For a nation to make amends for past wrongs, how much contrition is enough?
In Japan, a nationalist prime minister, Shinzo Abe, visited the controversial Yasukuni shrine in Tokyo. He says he went to pay respects to the country’s 2.5 million wartime dead – including some who were convicted of war crimes after World War II. Yet his visit, coming a year since he took office, infuriated many in Asia who worry Japan’s right wing ignores wartime atrocities. It also “disappointed” the United States for exacerbating tensions with Japan’s neighbors.
In China, meanwhile, the ruling Communist Party celebrated the 120th anniversary of Mao Zedong’s birthday with patriotic songs, TV docu-dramas, and even a gold statue of the late revolutionary leader. Purposely left out of this “glorious” history was any mention of Mao’s horrific mistakes: the Great Famine of 1958-61 that killed millions and the 1966-76 Cultural Revolution that shattered the lives of millions. Much to the dismay of many Chinese, the party still blocks public debate of these tragedies in case it might undermine the party’s grip on power.
Coming on the same day, these two separate actions in Japan and China reveal how much the past is still very much present for Asia’s two giants – and very much in need of attention to keep peace in a region beset by territorial disputes.
Japan has officially apologized for the suffering caused by its imperialist past in Asia. And China’s Communist Party long ago admitted Mao’s “errors,” specifically the Cultural Revolution. But to many people, even within their own country, Japan and China have not done enough to make amends or absorb the lessons of history out of a sense of pride or a desire to use the past for current political purposes.
To Prime Minister Abe, Japan’s actions since World War II speak louder than words. When asked during his visit to the shrine about the culpabilities of Japanese wartime leaders, he responded: “Based on our soul-searching over the past, we have protected basic human rights and built up the democracy and freedom of Japan after the war.”
China’s party leader, Xi Jinping, made a similar point in a speech last January, claiming the country’s economic progress and political changes since Mao are reason enough not to judge the worst of Mao’s legacy. Mr. Xi warned of “great chaos” if Mao were “negated.”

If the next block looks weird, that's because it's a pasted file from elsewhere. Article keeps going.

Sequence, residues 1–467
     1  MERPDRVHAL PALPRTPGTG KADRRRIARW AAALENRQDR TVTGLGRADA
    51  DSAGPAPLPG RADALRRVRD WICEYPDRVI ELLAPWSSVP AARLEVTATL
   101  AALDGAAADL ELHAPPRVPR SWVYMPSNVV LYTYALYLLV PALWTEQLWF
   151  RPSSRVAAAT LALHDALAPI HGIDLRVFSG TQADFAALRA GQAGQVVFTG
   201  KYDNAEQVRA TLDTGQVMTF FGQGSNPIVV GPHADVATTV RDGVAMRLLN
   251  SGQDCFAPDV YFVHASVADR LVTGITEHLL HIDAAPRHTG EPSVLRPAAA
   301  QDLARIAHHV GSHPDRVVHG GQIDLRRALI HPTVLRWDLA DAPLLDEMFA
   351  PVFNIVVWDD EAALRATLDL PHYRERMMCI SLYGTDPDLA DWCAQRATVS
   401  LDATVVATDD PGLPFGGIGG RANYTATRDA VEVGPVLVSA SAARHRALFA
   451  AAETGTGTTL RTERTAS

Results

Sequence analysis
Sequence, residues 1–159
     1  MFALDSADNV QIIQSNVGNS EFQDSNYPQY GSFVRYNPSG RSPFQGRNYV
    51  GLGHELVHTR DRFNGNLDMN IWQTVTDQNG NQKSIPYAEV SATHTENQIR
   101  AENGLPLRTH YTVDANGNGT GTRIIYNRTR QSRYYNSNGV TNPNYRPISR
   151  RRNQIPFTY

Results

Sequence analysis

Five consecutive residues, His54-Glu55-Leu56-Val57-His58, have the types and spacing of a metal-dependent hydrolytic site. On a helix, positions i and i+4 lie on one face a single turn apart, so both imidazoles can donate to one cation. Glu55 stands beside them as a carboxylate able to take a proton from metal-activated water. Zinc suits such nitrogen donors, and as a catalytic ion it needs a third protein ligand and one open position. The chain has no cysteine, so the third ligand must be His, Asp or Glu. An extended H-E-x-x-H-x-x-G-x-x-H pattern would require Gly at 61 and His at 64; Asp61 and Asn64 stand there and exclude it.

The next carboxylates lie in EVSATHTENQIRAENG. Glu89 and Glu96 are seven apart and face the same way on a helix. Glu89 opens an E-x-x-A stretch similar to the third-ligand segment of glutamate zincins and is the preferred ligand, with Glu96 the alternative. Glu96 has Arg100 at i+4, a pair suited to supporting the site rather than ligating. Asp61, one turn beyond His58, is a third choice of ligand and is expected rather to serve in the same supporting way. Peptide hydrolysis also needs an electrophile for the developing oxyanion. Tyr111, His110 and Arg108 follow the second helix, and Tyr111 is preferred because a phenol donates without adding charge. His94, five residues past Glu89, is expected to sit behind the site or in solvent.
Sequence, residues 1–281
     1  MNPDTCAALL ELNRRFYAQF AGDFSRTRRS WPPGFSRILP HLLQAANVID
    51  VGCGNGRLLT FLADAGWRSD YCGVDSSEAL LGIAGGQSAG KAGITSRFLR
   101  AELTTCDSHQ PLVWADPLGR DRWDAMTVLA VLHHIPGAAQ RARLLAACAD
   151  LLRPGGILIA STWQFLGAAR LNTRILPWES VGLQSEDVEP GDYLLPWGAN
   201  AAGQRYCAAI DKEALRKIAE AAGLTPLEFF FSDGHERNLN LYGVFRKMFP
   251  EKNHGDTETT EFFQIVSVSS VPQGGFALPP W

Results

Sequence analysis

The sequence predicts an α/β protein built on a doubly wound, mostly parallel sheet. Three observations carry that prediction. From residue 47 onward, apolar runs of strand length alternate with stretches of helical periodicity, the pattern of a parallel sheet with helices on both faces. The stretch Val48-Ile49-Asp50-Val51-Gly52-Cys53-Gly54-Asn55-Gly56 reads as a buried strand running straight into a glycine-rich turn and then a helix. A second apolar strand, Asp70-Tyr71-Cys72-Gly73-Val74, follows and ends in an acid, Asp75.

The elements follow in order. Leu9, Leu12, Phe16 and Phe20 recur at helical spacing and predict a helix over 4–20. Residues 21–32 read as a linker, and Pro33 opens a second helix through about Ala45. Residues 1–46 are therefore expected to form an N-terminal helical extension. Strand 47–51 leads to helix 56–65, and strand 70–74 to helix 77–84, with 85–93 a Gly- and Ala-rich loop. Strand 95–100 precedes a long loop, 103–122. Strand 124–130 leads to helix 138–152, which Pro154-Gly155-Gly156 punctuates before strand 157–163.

Still, many of the people who suffered or took part in these past events are still alive. Their emotional wounds are in need of healing. Official apologies or past compensation are not seen as adequate.
One example is the case of the so-called “comfort women” of Korea who were used as sex slaves by Imperial Japanese soldiers. Their individual claims cry out for attention, much like some victims of Nazi Germany were given special compensation during the 1990s.
In China, many people who hurt others during the atrocities of the Cultural Revolution have only recently begun to speak out with contrition. A recent example is Chen Xiaolu, the son of a founder of communist China, Chen Yi. On a website in August, Mr. Chen admitted that he helped lead the persecution of top officials at his school, one of whom committed suicide.
“I bear direct responsibility for the denouncing and criticism, and forced-labor re-education of school leaders, and some teachers and students,” he wrote.
“My official apology comes too late, but for the purification of the soul, the progress of society and the future of the nation, one must make this kind of apology.”
The seeking and granting of forgiveness, especially on the scale of nations, can be difficult to achieve without a great deal of heart-felt contrition. Yet as postwar Germany has shown by acknowledging its Nazi past for decades, the process is essential to restoration and progress.
With tensions now high between Japan and China, the process of recognizing historical truth, relinquishing old resentments, or making amends is needed more than ever.